I've been following Crystal's recipe for six months now and I'm still on the original boxes of powder. That puts my investment so far at less than $10 for laundry for at least six months. This is washing clothes for five people--well, six if you factor in Tool Guy changing clothes between going from his day job to his tool job, plus a Princess still in night time cloth diapers.

I recently had a chuckle over a conversation I had with a telemarketer about laundry detergent. Despite the fact that we're on the No Call List, Boyfriend called me up to sell me some whizz-bang laundry detergent that would rock my world. Did you know that there are telemarketers out there who still ask to speak to "the lady of the house?" At any rate, I informed him that I make my own. Silent pause. I guess that answer wasn't on his "if/then" flow chart of Q&A's, since he then launched into a non-sequitur riposte of what a great savings it would be for me. Huh. I informed him that a penny a load was the price to beat and if he couldn't sell it to me that cheap, we had nothing more to say to each other. Haven't heard from him since.

I'm bummed. Can you tell?


~M said...

Awesome post! Fels-naptha was recommended to me as safe for washing my softshell.

Anonymous said...

Whoa, "blow them away" kind of post!!
I'm posting this one on the forum.

Loztnausten said...

Thanks! I'm finding it's a great soap for different applications. I'm meditating on a dishwasher application...

Anonymous said...

This is EXCELLENT! I can't wait to try it. Does it dry in the bucket, or do you pour it into containers that you once bought with liquid laundry soap in them?

Loztnausten said...

Nope. It doesn't dry out in the bucket. I use an old super size Era container from which I've cut the top--how's that for a decorating statement? ;) It's too lumpy to run out of the spigot in these liquid soap containers, unfortunately, but it survives very well in the bucket, just scouping out as needed.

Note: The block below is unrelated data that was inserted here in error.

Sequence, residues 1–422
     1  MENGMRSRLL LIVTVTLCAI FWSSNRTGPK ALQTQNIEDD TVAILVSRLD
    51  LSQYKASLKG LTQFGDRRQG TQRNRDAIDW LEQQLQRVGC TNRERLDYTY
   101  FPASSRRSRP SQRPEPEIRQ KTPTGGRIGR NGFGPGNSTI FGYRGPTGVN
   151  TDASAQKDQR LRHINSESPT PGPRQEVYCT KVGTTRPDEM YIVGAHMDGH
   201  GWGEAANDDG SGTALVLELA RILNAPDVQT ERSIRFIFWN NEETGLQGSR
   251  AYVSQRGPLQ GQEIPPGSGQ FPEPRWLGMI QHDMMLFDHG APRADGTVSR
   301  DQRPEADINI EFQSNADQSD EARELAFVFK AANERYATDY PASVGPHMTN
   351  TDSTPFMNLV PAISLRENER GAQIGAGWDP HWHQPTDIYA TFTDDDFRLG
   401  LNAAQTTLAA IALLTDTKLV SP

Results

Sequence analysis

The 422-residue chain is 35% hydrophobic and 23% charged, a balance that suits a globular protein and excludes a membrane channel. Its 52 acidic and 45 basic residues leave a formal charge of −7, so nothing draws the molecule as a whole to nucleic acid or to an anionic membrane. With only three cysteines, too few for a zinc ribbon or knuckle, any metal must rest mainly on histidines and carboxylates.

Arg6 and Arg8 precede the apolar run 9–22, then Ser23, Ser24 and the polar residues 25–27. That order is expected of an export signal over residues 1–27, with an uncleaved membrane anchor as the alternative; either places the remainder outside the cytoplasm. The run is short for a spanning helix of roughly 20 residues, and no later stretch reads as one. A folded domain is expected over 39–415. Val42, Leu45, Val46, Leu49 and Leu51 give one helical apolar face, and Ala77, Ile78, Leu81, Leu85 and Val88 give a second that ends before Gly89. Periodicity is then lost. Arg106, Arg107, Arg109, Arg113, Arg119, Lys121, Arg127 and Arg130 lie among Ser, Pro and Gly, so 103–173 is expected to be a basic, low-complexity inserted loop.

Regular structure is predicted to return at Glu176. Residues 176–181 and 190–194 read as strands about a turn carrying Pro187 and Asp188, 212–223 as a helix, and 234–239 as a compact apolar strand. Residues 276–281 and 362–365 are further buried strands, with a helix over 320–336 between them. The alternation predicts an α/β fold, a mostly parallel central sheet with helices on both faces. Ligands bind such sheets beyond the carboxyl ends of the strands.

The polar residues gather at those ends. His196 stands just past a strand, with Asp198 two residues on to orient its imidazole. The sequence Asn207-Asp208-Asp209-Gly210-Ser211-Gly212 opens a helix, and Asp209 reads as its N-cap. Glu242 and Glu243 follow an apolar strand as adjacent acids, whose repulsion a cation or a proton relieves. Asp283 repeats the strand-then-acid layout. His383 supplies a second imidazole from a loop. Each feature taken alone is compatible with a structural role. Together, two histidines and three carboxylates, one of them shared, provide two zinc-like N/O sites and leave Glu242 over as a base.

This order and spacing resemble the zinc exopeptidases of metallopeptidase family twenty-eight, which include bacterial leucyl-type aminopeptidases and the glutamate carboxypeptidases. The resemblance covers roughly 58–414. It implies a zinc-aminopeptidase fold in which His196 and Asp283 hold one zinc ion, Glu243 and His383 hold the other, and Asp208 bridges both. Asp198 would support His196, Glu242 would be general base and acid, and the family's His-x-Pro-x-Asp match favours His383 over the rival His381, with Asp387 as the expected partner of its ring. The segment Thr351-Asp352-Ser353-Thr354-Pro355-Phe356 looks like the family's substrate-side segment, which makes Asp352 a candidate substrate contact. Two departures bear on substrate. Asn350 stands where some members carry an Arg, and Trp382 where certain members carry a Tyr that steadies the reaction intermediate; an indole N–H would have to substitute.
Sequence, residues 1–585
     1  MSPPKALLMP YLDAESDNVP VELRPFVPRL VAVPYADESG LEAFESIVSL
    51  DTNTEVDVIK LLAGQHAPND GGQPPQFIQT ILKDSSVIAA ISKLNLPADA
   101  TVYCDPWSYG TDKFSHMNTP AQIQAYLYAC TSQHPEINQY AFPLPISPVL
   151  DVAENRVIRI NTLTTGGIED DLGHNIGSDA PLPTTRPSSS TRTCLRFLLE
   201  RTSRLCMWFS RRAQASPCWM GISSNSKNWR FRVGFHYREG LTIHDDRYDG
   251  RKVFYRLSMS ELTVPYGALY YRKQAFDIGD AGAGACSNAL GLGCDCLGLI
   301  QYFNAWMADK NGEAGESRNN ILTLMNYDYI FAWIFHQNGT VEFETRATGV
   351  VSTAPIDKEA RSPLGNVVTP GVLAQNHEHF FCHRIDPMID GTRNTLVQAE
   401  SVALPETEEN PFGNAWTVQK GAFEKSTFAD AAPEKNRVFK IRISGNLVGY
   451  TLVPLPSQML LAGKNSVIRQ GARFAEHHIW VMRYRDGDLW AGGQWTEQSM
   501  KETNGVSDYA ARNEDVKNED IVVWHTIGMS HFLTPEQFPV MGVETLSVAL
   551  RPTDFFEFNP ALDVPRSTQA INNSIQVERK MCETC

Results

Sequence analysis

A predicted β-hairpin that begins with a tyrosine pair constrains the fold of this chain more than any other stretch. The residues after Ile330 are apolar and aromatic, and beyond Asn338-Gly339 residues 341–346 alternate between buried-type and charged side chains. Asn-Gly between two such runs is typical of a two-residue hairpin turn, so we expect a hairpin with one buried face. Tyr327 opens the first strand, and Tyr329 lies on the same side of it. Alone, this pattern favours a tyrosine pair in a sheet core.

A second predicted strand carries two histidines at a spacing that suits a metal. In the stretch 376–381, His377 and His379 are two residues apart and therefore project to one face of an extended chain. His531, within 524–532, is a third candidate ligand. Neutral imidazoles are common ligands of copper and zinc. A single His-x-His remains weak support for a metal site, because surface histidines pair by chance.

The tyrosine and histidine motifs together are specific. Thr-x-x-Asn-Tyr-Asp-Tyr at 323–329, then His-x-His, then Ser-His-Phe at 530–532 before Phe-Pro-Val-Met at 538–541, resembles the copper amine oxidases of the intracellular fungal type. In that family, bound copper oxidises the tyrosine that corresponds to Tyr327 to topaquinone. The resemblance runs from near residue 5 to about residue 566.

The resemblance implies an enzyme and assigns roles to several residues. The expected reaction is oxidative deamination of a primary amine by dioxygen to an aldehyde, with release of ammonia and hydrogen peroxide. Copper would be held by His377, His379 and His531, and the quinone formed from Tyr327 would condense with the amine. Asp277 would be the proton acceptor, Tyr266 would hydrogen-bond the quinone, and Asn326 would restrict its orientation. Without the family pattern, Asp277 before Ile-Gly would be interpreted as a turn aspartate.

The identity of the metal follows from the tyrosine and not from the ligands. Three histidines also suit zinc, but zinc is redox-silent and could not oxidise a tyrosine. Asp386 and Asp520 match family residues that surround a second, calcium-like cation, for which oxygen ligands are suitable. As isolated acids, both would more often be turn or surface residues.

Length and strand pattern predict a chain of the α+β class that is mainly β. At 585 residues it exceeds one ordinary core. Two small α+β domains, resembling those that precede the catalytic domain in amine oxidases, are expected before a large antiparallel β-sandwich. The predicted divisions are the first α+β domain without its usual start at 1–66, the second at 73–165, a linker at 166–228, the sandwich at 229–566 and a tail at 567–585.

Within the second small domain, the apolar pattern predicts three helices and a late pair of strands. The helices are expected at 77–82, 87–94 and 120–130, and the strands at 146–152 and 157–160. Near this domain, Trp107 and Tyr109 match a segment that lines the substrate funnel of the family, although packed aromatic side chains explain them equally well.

Anonymous said...

This was a totally cool science project! I figure the price is $0.38 per 2 gallons of detergent!

A small box of A&H was less than $3 with 46-1/2 "servings" (or $.0645 per 2 gal of detergent); same for borax; and the Zote bar was $0.77.

The most expensive thing in the mix is the bar!

And a new bucket was only $4!

I'm LOVIN' IT!!!

We've been buying expensive "pure" stuff. DH has a weird skin sensitivity (skin is clear, nerves are on edge in his thighs and arms), and we thought it might be the stuff in soap. I looked high and low when it started for "washing soda." Thought about using baking soda, but never thought to look to A&H for washing soda!


The box I bought today is not pure "washing soda." It has anions and enzymes added for cleaning power. What do you think?

Who can count the value of a new friend?

Loztnausten said...

Glad you're grooving on it. I'm currently contemplating using castille soap instead of Fels Naptha...

Anonymous said...

'ya know, darlin, you actually are talking about the juicy cobb, bursting forth with flavor.

How else does Archer Demon and Monsatan grow it? GMO corn is a cob...a very sweet cob, sweeter than we grew up with, because it is a GMO.

And, because of how severely the "the wind comes sweepin' down the plain; And the wavin' wheat can sure smell sweet; When the wind comes right behind the rain!*" there has to tons of cross-contamination. You thought the bees in your garden did a number on your heirloom tomatoes? How about 40-50 mph winds that blow for days?

When it comes to the cobb, I'm going to stick with organic. Not a perfect solution, but better than wondering if I'm eating a GMOs.

*Rogers & Hammerstein's _Oklahoma!_

Anonymous said...

Laundry liquid too thick? I've found it get thicker the longer it is exposed to air. I put my in bottles with spigots and lids. I shake the bottle before I pour, and it pours great!

You can always add a touch more water to compensate for dehydration!